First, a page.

DOMAIN User --> LOCAL user profile - How?


S

shizniz

I have a serious question regarding a current setup on am attempting to

employ in the SOHO.

I currently have a Windows 2003 Server machine I've just gotten online
this weekend to serve as a domain.local DC. The issue I am running
into, is that the initial Windows XP Professional workstation I am
setting up already has LOCAL profiles on it in which much time and
pleasure has been taken into customizing each.

I've created the AD domain user account to coincide with the current
account on the Windows XP Professional machine. I want the DOMAIN
profile to sync to the LOCAL profile ' ..\name.name ', NOT to
create/use a profile of it's own making such as ' ..\name.nameDOMAIN '.


No mind you, 3 times I have already attempted the common registry edit
of changing the ' ProfileImagePath '. Unfortunately, each time when
re-attempting to log back into the machine under the DOMAIN user and
expecting to see the LOCAL profile, it creates a new profile altogether

under the auspices of ' ..\name.nameDOMAIN.001 ' or similar.

HOW do I get the DOMAIN user account to use the LOCAL user's
profile/directory ?!

I've become utterly frustrated trying to figure this one out. I'm sure
this is simple enough, but I've not found how to make it happen
successfully yet as the domain user account when it logs in seems to
overwrite that ' ProfileImagePath ' key with it's own information since

it creates a new one and all.

Any help would be GREATLY appreciated.
 
Ad

Advertisements

L

Lanwench [MVP - Exchange]

In
I have a serious question regarding a current setup on am attempting
to

employ in the SOHO.

I currently have a Windows 2003 Server machine I've just gotten online
this weekend to serve as a domain.local DC. The issue I am running
into, is that the initial Windows XP Professional workstation I am
setting up already has LOCAL profiles on it in which much time and
pleasure has been taken into customizing each.

I've created the AD domain user account to coincide with the current
account on the Windows XP Professional machine. I want the DOMAIN
profile to sync to the LOCAL profile ' ..\name.name ', NOT to
create/use a profile of it's own making such as ' ..\name.nameDOMAIN

Well, it's going to create a username.domain folder if there's an existing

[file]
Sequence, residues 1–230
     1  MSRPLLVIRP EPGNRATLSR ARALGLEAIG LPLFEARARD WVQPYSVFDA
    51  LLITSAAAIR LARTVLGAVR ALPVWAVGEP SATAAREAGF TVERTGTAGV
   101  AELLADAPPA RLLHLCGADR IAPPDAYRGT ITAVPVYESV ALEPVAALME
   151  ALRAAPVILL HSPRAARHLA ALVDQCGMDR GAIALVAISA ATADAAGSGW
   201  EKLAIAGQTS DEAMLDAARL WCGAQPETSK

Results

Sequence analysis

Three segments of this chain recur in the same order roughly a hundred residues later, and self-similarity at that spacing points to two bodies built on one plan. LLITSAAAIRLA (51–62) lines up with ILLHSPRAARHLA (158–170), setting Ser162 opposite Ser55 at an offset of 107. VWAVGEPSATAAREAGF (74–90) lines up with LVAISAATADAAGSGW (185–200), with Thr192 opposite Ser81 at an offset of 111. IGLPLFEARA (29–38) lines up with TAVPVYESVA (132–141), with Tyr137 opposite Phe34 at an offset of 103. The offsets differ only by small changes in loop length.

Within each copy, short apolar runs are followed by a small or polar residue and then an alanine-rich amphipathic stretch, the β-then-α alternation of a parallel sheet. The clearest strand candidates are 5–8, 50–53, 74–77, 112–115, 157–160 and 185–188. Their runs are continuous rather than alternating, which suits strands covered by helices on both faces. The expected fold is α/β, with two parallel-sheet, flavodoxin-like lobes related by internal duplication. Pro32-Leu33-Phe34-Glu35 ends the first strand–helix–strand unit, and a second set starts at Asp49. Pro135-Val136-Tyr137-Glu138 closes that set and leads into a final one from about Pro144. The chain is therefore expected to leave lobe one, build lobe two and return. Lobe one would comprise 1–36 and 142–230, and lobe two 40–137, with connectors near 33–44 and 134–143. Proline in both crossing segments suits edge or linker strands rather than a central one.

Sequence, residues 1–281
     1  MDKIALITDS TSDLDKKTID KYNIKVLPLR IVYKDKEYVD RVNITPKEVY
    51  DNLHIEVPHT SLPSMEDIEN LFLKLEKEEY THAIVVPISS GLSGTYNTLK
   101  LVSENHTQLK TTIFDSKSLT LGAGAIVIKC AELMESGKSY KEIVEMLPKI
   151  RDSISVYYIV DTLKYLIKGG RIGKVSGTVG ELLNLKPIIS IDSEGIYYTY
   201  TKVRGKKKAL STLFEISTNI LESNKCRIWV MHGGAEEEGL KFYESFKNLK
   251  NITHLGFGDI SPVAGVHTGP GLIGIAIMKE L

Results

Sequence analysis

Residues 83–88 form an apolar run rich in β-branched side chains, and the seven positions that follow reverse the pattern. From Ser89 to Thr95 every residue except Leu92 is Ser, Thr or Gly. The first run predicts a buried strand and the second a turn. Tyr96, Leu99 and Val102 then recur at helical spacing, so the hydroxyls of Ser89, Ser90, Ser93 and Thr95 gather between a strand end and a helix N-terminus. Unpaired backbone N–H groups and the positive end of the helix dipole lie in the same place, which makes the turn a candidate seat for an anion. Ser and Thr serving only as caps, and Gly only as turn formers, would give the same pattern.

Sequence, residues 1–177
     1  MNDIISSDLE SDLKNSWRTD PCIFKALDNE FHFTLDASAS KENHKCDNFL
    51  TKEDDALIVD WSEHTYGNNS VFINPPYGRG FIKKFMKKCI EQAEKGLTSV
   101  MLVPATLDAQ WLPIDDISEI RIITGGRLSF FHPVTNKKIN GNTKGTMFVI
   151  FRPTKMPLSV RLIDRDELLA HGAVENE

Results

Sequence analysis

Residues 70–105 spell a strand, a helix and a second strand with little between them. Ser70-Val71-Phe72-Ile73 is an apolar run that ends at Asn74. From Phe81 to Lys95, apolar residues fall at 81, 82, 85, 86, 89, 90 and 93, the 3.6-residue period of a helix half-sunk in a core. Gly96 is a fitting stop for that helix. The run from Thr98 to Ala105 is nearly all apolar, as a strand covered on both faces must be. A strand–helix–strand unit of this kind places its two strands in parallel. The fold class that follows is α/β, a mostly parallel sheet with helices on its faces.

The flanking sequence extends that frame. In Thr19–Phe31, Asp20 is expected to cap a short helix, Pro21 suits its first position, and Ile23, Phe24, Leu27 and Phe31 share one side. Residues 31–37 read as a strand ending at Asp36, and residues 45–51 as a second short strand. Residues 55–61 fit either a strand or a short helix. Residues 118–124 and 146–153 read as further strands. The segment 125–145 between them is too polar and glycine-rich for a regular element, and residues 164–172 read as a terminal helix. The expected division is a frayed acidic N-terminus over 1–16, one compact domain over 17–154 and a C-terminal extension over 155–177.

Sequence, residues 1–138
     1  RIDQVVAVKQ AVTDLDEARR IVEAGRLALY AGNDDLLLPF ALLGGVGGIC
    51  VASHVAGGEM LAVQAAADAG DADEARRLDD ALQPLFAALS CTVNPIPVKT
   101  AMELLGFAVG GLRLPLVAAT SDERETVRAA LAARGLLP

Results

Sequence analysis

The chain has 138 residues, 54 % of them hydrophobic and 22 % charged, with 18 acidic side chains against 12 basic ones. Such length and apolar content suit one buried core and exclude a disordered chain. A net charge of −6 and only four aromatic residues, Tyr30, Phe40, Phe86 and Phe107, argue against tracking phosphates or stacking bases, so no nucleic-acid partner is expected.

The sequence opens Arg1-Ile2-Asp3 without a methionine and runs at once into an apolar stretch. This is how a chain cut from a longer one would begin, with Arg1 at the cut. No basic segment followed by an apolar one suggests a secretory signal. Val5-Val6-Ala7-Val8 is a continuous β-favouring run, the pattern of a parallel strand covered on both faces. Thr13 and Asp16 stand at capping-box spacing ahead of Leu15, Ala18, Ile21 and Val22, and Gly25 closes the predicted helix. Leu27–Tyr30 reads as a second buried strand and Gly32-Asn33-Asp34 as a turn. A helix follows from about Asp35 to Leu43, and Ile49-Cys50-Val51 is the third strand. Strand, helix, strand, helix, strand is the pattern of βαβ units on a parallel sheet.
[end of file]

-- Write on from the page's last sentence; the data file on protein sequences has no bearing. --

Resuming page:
username folder. You can't really get around that.
'.


No mind you, 3 times I have already attempted the common registry edi
of changing the ' ProfileImagePath '. Unfortunately, each time when
re-attempting to log back into the machine under the DOMAIN user and
expecting to see the LOCAL profile, it creates a new profile
altogether

under the auspices of ' ..\name.nameDOMAIN.001 ' or similar.

HOW do I get the DOMAIN user account to use the LOCAL user's
profile/directory ?!

I've become utterly frustrated trying to figure this one out. I'm sure
this is simple enough, but I've not found how to make it happen
successfully yet as the domain user account when it logs in seems to
overwrite that ' ProfileImagePath ' key with it's own information
since

it creates a new one and all.

Any help would be GREATLY appreciated.

Try this:

1. Log in once as the domain user.
2. Log out.
3. Log in as an admin.
4. Go to control panel | system, Advanced, click "Settings" in the User
Profiles section.
5. Select the local account, choose Copy To, and then browse to the domain
user's "Documents and Settings" folder (.e.g., c:\documents and
settings\user.domain ).
6. Log back in as the domain user and see if it 'took.'

There may be some things that require a little bit of tweaking (Outlook in
particular) but you may get lucky and not have to fuss with anything.
 
S

shizniz

Oddly enough, I tried this earlier this afternoon. I logged in under
Administrator (LOCAL to the box) and selected the LOCAL ' name.name '
account. I did a ' Copy To ' and selected the directory of the DOMAIN
account. It seems this was a task without any positive results. Once
again, when I finished this and logged out to re-login as the DOMAIN
user, it built an entirely new profile for the account locally.

So the frustration continues. I appreciate your suggestion though.
Anyone else have some insight into what has gone awry?
 
G

Guest

A profile (other than default) should never be loaded from a location other
than the one where it was created. The reason is that many third-party apps
create direct links to files within the profile, thus once it's been in-use
you cannot safely move it.